“I’m fascinated by those paintings of Medieval babies where they look like little adults, or those grotesque-looking Medieval dogs.” One of her largest influences was Hieronymous Bosch and his macabre of Garden of Earthly Delights. Another favorite is the depiction of Judith slaying Holofernes, which everyone from Artemisia Gentileschi to Gustav Klimt to Kehinde Wiley has latched onto. “Every hundred years or so, there’s this phase where paintings of women brutally killing men become popular,” she coolly observed.
“I paint things where you know it makes you uncomfortable, but you might not be sure why,”” she said. “I’m fascinated by those paintings of Medieval babies where they look like little adults, or those grotesque-looking Medieval dogs.
Absalom’s openness to the macabre also manifests as incredible gutsiness. At Bezalel, she rode the train with jovial Israel Defense Forces soldiers and shuffled through the dark, wet tunnels of the western wall to refugee camps in Ramallah and came out with a more nuanced view of the country. Harrowing experiences like driving from Jerusalem to Cairo in the dead of night broadened both her personal and artistic view of the world.
Absalom saw the irony of the division between Arabic and Hebrew speakers in the interpretation of her own last name—every Arabic speaker thought it was Arabic, and every Hebrew speaker thought it was Hebrew. She attempted to trace it and discover who was right, but a lack of records in Newcastle before the 1800s made it impossible. “I do know that David’s son in the Bible was named Absalom, and he had long, thick, brown hair, so I remember thinking to myself that my name is Absalom and I have long, thick, brown hair, too,” she said.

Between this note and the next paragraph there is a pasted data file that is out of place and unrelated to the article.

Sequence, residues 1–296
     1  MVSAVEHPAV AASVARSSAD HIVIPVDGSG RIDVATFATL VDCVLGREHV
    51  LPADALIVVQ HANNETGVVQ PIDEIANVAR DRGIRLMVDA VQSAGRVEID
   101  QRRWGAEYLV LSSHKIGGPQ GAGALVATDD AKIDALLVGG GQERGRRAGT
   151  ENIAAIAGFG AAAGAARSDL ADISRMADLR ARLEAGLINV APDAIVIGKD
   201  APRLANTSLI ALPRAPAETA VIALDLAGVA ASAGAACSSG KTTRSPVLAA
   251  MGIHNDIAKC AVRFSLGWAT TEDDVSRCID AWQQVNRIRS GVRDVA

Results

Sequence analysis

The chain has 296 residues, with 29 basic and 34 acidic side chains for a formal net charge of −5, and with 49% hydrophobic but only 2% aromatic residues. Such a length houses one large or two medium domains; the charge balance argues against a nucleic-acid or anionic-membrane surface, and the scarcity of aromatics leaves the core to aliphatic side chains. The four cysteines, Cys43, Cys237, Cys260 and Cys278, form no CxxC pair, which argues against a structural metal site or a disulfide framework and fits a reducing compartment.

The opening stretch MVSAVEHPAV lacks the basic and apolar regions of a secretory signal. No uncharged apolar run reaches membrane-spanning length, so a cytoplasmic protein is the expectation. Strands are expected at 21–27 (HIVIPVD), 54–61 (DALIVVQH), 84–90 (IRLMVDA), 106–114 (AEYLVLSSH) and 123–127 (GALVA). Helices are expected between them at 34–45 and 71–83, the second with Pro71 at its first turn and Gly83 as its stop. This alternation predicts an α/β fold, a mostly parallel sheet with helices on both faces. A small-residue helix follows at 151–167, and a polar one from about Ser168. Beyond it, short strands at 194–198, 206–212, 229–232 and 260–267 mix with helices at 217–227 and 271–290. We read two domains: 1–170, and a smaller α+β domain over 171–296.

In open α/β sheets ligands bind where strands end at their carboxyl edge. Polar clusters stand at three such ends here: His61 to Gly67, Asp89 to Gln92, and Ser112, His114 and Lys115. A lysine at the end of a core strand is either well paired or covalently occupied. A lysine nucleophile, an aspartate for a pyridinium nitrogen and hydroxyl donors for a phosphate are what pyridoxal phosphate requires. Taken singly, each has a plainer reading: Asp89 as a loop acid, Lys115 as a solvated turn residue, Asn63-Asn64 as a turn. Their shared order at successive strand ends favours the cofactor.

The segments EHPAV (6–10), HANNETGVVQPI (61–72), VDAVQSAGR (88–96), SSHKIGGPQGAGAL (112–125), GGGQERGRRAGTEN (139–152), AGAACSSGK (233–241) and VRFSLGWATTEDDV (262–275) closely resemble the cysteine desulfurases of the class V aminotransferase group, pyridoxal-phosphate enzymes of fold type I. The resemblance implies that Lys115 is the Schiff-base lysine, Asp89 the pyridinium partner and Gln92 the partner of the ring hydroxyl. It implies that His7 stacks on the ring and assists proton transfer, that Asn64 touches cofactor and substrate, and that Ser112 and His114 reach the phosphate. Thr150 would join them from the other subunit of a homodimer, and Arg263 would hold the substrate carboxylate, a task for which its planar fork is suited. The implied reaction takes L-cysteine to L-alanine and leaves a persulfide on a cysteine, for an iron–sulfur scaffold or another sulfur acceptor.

This presence of the past, of mortality, and of violence makes her paintings almost shimmer as you look at them. Her palette of golds and reds and earthy maroons make the brighter colors she does use have an ethereal shine. “There’s all this talk about violent imagery in films, but in religious contexts, we don’t see the violence the same way in the art,” Absalom said. “And those Christian icons are more for a practical purpose than meant to be beautiful. I think you can tell when something was made with passion, like the Garden of Earthly Delights.”
That passion shows through in Absalom’s work. Some paintings are meant to be looked at and observed, but Absalom’s paintings add another layer to the experience of viewing them. Absalom’s paintings, in their uncanny way, stare back at you.
Hannah Kate Absalom is represented by New Blood Art in London, and her work is available for purchase on her site as well as on clothing produced by streetwear company Gun Aimn. Her debut solo show, MIASMA, will be opening Wednesday 24th from 6-8pm at South Block Gallery, 50-54 Osborne St, Glasgow UK.